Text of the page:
A group of Hawaiian singers touring the country made a whistlestop trip to Palmerston North to discover more about traditional Māori instruments.
The Na Pu'ukani Choir – the combined choruses of the Kona Choral Society and the Windward Choral Society – attended a talk by Māori carver Warren Warbrick at the Globe Theatre on Tuesday.
Warbrick showcased a range of items used by Māori, such as the twin-barrelled pūtōrino, a traditional Māori flute.
Art director Susan McCreary Duprey, who was born and raised in Hawaii, said she was struck with the similarities and differences between Māori and Hawaiian culture.
She said many of the Māori instruments were also found in Hawaiian culture.
McCreary Duprey said Hawaiian music had more focus on drumming and she wondered if other instruments had been forgotten about over time.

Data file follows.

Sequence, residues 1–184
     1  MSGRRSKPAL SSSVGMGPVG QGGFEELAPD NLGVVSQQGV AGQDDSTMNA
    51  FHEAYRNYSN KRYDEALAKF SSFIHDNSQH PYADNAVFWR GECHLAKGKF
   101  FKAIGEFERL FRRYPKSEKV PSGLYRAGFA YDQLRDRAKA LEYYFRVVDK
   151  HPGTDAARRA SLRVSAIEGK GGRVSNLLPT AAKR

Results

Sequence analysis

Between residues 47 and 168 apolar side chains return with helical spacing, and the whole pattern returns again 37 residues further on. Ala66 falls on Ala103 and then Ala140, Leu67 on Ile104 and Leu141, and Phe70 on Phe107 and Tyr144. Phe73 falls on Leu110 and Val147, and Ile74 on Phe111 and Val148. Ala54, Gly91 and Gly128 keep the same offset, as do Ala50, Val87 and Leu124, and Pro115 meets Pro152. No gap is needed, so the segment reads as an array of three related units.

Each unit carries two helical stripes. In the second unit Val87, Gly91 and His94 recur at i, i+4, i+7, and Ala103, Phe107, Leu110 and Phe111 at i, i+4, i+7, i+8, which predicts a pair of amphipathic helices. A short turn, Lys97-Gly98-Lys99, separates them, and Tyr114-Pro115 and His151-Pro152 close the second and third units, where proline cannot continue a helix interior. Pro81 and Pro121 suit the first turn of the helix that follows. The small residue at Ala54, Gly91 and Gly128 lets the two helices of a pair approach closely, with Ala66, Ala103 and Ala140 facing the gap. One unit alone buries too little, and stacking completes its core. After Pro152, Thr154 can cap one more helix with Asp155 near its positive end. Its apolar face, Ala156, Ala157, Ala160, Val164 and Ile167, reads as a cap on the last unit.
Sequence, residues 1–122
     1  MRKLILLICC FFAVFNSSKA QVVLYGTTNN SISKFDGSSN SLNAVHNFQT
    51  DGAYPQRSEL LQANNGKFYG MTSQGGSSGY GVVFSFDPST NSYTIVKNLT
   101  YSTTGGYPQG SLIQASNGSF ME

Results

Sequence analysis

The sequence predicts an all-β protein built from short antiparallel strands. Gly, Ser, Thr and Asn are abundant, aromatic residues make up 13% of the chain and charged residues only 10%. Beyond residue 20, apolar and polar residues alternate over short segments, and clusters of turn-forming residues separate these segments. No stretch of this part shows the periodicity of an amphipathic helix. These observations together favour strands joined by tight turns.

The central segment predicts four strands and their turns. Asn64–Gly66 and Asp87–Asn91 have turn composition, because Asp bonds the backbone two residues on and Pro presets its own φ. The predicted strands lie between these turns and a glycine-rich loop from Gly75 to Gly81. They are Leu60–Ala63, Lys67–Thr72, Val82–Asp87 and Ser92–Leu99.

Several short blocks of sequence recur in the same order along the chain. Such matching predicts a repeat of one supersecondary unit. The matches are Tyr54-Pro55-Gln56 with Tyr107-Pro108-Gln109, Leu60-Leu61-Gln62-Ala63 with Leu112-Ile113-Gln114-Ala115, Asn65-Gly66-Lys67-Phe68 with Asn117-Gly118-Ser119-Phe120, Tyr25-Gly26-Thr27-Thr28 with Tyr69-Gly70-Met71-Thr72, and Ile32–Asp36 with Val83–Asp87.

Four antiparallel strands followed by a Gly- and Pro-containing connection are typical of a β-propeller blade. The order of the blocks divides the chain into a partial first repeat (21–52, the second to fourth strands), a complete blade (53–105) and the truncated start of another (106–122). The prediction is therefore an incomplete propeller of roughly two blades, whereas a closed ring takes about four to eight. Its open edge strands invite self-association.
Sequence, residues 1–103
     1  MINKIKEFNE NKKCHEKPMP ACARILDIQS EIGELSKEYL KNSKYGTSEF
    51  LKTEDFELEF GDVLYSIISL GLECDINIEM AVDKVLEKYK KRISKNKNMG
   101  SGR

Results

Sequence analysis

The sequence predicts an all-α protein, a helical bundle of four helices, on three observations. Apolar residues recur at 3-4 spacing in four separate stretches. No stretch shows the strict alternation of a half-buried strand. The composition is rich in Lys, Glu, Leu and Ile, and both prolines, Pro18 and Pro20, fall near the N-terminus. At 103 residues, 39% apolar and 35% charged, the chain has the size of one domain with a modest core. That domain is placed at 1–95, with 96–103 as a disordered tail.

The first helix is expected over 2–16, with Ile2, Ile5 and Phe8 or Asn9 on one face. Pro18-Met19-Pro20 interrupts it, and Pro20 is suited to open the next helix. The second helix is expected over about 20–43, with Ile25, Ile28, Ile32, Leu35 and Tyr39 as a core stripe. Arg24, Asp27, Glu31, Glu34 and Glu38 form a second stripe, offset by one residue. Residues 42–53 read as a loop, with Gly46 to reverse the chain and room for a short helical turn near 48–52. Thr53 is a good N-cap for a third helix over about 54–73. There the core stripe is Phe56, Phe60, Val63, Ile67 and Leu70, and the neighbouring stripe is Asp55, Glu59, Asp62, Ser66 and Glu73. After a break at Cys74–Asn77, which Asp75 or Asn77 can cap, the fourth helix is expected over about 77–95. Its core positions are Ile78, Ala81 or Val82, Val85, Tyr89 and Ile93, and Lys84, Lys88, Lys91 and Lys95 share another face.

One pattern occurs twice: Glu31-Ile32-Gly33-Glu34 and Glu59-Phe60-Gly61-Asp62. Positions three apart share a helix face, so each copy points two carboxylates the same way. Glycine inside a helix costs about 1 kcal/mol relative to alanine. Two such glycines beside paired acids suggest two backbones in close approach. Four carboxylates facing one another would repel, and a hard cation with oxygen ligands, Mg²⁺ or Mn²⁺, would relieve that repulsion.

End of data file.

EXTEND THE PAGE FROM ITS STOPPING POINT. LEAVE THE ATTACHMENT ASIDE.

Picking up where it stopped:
"It's made me wonder how much Hawaiian knowledge has been lost," she said.
For most of the 51 members of the choir and its support group, it was their first time in New Zealand.
The choir enthusiastically took photos and asked questions about the instruments, with the crowd favourites being the purerehua – a wind instrument that works by being swung around the head – and the pūkāea, a long trumpet.
McCreary Duprey said coming from Hawaii meant she was conscious of seeing Māori culture in its authentic state.
"We can see how a culture can be marginalised within a tourist setting," she said.
The choir will perform in Wellington on Wednesday when it joins the Wellington-based Voices in the Wind Choir for a combined concert at St Peter's Anglican Church.
Entrance is by koha.